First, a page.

Image by Lydia Bitter-Baird
Exploring the casting process:
Lydia Musco’s Unconformity series
Just outside our front door stands Fourth Unconformity by Lydia J Musco. Seated on top of a wooden pedestal, the five-and-a-half-foot tall sculpture is part of her Unconformity series and welcomes visitors as they enter the gallery. Created from layers of cast concrete, the laborious process of creating Fourth Unconformity started with a series of large scale drawings.
Using ink and graphite on paper, Lydia created multiple drawings to study form, repetition of line accumulation, and scale. From there, she constructed a wooden form based on the drawing studies. It’s the inside of the hollow space that will cast each layer of the sculpture. Upon completion, the piece can be unassembled and reassembled layer by layer.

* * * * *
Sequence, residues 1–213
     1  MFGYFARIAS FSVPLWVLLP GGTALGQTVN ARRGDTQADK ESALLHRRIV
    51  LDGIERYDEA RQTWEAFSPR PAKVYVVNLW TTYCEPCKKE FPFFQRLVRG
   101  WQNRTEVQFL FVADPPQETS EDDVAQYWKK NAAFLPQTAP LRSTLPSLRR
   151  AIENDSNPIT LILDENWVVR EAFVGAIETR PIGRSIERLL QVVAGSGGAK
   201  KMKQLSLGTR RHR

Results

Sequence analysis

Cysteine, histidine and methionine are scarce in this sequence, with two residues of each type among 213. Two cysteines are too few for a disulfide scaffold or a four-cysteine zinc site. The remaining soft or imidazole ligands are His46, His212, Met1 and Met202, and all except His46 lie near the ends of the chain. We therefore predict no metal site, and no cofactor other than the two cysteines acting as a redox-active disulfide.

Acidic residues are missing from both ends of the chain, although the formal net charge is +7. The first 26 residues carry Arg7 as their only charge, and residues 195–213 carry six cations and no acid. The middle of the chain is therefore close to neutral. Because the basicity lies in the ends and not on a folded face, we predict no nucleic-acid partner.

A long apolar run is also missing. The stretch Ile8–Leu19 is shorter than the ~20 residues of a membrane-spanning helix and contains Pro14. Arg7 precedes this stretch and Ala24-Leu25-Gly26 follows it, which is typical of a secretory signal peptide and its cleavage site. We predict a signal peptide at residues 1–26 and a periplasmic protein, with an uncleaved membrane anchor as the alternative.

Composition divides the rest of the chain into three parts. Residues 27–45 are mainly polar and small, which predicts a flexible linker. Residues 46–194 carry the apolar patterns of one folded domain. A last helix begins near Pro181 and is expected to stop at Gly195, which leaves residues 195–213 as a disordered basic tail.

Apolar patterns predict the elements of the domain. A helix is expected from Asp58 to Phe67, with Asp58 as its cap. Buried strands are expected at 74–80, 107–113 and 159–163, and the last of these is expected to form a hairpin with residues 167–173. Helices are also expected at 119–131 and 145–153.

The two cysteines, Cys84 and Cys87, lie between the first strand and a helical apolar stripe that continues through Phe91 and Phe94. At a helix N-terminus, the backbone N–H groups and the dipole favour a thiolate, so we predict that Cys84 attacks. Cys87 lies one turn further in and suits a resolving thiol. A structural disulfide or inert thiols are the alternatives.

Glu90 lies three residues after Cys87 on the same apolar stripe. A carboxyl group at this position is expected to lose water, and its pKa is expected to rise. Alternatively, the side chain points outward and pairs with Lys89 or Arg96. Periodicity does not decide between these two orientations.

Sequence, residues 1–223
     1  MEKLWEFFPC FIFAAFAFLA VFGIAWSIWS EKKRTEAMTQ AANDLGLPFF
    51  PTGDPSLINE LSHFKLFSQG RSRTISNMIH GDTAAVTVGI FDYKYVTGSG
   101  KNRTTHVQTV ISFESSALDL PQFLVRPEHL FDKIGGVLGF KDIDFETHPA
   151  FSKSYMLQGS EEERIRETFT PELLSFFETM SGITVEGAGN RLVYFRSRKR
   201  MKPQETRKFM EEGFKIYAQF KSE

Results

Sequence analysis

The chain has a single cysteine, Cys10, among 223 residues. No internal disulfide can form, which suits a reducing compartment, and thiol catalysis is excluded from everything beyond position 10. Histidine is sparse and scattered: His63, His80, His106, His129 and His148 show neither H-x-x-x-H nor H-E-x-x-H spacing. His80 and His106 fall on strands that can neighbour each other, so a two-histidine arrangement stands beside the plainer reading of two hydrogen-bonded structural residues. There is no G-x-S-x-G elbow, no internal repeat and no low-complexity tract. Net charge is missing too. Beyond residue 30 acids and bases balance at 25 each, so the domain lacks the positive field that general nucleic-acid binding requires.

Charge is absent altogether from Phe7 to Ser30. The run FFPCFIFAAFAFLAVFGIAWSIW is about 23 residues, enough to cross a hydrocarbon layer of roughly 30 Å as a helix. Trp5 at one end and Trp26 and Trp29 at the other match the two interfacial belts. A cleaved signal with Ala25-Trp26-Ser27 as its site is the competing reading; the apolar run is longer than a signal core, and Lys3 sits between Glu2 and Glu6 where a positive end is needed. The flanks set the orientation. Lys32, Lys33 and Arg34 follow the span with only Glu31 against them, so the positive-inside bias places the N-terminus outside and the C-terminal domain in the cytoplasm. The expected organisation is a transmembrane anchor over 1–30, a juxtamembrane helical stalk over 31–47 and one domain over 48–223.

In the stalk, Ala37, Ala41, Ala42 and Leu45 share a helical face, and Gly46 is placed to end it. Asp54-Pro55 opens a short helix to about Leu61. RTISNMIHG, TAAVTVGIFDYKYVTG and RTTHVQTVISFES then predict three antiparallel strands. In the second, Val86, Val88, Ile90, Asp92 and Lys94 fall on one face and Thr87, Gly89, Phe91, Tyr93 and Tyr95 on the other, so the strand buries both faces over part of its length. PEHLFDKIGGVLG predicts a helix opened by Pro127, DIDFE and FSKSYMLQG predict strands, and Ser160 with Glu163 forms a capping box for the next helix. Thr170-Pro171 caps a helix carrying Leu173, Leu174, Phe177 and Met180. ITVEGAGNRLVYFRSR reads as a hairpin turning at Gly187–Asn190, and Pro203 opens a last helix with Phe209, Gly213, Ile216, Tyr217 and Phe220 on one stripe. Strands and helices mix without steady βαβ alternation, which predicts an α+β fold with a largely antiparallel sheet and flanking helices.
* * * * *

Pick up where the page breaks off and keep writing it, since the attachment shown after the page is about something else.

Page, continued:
To create the concrete, Lydia blends together Portland cement, sand, and water using an electric mixer. While the material is still wet, powder pigment (mostly iron oxides), are added in to provide the colors you see in the concrete. Then, starting with the base, the wood form is gradually assembled in small sections as each layer of concrete is poured in and smoothed out with a trowel and covered with plastic sheeting.
After a few weeks, the wooden form is removed piece by piece. The concrete layers are chiseled apart and annotated, serving as instructions for the reassembly. Once the piece is complete, the wood forms are cleaned and repaired then stowed, ready to cast the next sculpture.